Prime Minister Binyamin Netanyahu reportedly flew to Saudi Arabia last Sunday in hopes of closing a normalization deal with Riyadh, The Wall Street Journal reported.
According to the report, Saudi Crown Prince Mohammed bin Salman refused to commit to what would have been a monumental change in Israeli-Arab relations.
Last Sunday, Netanyahu reportedly flew to the Saudi city of Neom, accompanied by the director of Mossad, Yossi Cohen, to hold a tripartite meeting with bin Salman and Secretary of State Mike Pompeo.
The Prime Minister’s Office has neither confirmed nor denied that such a meeting took place.
According to a Saudi adviser and a senior American official quoted by the Journal, Netanyahu and Pompeo hoped to secure a promised commitment from bin Salman to normalize relations with Israel.
But the crown prince reportedly opted instead to hold off on forging ahead with an agreement in deference to the incoming Biden administration, preferring to get off on the right foot with the new American president.
The Saudi Crown Prince, the kingdom’s de facto ruler, and Netanyahu both enjoyed strong support from President Donald Trump and championed his “maximum pressure” campaign against Iran.
They fear Biden will adopt policies on Iran similar to those adopted during Barack Obama’s presidency which strained Washington’s ties with its traditional regional allies.
Biden has said he will rejoin the international nuclear pact with Iran that Trump quit in 2018 – and work with allies to strengthen its terms – if Tehran first resumes strict compliance.
Both Israel and Saudi Arabia have recently ramped up rhetoric against Iran, which is locked in several proxy wars with Riyadh in the region.
Pompeo, who has been trying to coax Saudi Arabia to follow the lead of the United Arab Emirates, Bahrain and Sudan in normalizing ties with Israel, declined to confirm the meeting. But diplomats in the region said U.S. envoys had privately confirmed the meeting took place.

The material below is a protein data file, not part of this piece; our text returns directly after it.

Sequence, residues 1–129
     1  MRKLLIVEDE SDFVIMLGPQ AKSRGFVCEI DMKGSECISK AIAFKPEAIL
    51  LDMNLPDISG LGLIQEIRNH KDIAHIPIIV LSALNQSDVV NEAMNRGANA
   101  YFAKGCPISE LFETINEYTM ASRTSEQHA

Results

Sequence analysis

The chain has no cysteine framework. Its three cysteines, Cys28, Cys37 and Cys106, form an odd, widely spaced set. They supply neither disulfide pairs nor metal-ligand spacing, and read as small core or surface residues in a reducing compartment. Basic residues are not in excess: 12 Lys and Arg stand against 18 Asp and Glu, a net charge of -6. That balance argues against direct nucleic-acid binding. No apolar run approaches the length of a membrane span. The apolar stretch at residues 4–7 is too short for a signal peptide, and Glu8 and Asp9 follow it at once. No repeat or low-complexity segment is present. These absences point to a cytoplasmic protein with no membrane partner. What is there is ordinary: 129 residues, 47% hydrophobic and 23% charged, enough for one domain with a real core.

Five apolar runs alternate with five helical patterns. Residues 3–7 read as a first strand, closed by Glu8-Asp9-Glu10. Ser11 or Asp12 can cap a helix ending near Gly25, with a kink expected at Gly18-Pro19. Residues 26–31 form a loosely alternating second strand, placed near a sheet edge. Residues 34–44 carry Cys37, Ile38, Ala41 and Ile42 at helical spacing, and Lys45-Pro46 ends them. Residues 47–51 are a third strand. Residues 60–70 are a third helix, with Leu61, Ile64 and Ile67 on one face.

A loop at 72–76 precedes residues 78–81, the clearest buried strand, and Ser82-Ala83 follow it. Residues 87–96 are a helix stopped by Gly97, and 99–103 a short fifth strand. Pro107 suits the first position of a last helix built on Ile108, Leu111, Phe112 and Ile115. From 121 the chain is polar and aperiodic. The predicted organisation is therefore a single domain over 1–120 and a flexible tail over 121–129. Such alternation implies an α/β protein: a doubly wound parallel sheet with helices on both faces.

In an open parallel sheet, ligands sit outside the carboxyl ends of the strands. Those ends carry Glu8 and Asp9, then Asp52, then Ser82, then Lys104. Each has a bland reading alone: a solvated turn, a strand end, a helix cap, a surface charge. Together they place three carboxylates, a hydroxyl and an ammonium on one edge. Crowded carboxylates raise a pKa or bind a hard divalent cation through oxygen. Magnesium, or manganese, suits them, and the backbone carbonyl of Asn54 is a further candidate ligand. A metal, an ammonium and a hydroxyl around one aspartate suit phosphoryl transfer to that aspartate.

There was limited talk of the meeting on Saudi social media, but some opposition figures denounced the visit. Political analysts said the Saudi denial of the meeting could have been a way to test the waters at home.
“[The meeting with Netanyahu] aimed to highlight that the crown prince is more willing than his father to take steps towards normalization without first reaching a two-state solution,” said Neil Quilliam, an associate fellow at Chatham House think tank.
Despite this, normalization is not expected to happen while King Salman is alive, said a well-connected Saudi source and a foreign diplomat in Riyadh.
“Normalization … is a carrot to get [Biden’s] focus away from other issues, especially [Saudi] human rights,” the diplomat said.
The Saudi source and the diplomat said the Saudi king was kept in the dark about Netanyahu’s visit.
Although the king chaired last weekend’s virtual G-20 leaders’ summit, rumors of his declining health have swirled since he was admitted to hospital this summer.
A video was leaked during the G-20 summit which showed the crown prince correcting the confused king’s recollection, a leak which sources said was intentional.
The Saudi government media office did not immediately respond to a request for comment.
Meanwhile, a poll released on Friday showed the vast majority of the Saudi public remains generally opposed to establishing links with Israel.
According to the survey conducted for the Washington Institute for Near-East Policy think tank, only 30% of Saudis answered “somewhat” or “strongly” agree that “people who want to have business or sports contacts with Israelis should be allowed to do so.”